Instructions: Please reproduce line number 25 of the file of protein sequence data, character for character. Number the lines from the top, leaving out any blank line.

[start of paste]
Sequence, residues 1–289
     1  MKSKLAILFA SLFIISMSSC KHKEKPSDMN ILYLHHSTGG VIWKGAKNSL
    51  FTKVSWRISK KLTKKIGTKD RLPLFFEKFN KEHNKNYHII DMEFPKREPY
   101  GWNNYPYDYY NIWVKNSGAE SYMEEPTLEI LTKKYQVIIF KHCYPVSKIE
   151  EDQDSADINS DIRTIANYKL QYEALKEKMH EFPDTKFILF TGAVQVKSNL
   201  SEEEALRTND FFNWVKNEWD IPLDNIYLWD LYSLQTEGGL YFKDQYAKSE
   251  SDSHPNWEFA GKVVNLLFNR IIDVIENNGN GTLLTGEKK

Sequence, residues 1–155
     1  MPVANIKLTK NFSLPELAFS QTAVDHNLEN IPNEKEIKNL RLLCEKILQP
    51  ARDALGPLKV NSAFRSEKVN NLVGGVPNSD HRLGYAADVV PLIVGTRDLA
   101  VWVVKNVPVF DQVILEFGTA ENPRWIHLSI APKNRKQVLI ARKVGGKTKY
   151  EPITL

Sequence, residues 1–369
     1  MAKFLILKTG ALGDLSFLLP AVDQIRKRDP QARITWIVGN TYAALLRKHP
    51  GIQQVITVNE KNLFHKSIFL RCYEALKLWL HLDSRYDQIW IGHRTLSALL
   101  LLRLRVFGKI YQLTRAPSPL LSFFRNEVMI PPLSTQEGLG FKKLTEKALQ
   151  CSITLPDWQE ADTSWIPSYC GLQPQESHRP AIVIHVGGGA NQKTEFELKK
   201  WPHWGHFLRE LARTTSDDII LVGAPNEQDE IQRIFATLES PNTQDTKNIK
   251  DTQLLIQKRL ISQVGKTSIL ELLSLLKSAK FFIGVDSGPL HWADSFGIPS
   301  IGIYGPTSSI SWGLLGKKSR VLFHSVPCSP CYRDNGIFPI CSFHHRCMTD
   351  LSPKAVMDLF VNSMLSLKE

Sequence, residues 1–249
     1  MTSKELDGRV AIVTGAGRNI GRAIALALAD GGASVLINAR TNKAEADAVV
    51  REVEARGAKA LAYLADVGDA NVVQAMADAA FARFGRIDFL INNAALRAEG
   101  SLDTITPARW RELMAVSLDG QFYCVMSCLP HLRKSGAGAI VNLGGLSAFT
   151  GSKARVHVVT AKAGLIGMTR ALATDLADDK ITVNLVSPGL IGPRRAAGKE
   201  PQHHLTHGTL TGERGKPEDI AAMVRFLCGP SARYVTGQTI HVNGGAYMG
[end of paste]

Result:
   101  SLDTITPARW RELMAVSLDG QFYCVMSCLP HLRKSGAGAI VNLGGLSAFT